There’s long been a circle-the-wagons mentality in Quebec about corporate takeovers. When a buyer from outside the province is interested in a Quebec company, a protectionist reflex often kicks in and calls are made for government action.
We saw it again this week when Vancouver-based mining giant Goldcorp Inc. made a $2.6-billion hostile takeover bid for Montreal-based Osisko Mining Corp., operator of the big Canadian Malartic gold mine in Abitibi.
The Board of Trade of Metropolitan Montreal was quick to ring the alarm bells, calling on the Quebec government to ensure that if the transaction goes through “it won’t harm the economy of Quebec and the metropolitan region.”
But for every Quebec company that gets taken over by outside interests, there’s one making a deal abroad. That’s how the market works in a global economy.
Widely-held Osisko is one of the few Quebec-based mining firms with operations and production in the province, said Board of Trade president Michel Leblanc.It’s had a big economic impact on the Abitibi region and spends about $500 million a year on goods and services in Quebec.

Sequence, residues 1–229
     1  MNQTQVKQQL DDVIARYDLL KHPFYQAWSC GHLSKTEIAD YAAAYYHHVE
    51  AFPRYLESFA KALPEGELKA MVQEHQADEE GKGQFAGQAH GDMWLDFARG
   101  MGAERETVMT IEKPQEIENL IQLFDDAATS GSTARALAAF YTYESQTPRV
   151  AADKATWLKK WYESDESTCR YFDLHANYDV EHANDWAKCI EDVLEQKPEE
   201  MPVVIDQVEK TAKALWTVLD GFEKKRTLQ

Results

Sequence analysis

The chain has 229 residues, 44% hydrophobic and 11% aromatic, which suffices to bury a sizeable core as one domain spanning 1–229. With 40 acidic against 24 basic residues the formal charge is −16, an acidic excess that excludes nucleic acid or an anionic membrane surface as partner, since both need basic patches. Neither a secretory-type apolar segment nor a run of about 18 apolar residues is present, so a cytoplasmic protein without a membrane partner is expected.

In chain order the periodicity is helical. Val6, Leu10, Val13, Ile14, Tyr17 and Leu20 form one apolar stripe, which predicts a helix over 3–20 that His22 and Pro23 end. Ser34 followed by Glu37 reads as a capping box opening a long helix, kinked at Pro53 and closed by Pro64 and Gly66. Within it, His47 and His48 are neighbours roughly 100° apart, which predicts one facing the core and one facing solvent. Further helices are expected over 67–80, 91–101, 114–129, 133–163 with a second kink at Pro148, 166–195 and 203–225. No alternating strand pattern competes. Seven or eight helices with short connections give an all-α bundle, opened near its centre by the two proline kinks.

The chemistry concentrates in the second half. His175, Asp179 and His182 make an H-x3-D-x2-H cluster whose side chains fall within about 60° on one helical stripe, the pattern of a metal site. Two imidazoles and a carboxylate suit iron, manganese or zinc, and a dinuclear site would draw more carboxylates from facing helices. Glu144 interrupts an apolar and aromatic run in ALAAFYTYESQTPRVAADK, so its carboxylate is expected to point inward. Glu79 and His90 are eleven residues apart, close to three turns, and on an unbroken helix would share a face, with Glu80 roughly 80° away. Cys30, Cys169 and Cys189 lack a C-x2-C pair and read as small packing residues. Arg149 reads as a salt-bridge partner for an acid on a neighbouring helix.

As well, Leblanc noted, its Montreal head office buys a range of professional services that help to support the local white-collar economy
All true. But still it’s a stretch to imagine the provincial government would interfere in a free-market transaction in which the final say goes to shareholders. Imposing terms and conditions might alter the economics of the deal and make it unattractive for Goldcorp to pursue.
Of course, that might be the goal in the end, but efforts to protect Quebec’s corporate base send the wrong message.
Montreal, in particular, touts itself as an open, international economy, going to great lengths to attract outside investment. And some of the city’s fastest growing companies owe their success to a strategy of international acquisitions.
Think of information-technology specialist CGI Inc., which bulked up in 2012 with the $2.7-billion acquisition of Logica, a big U.K. firm. CGI’s entire growth strategy is to act as a consolidator, buying companies in North America and abroad in order to drive future growth.
Look at Alimentation Couche-Tard, which has become the rock star of Quebec Inc. and now ranks as the 31st largest retailer in the world, ahead of all other Canadian retailers, according to a recent survey.
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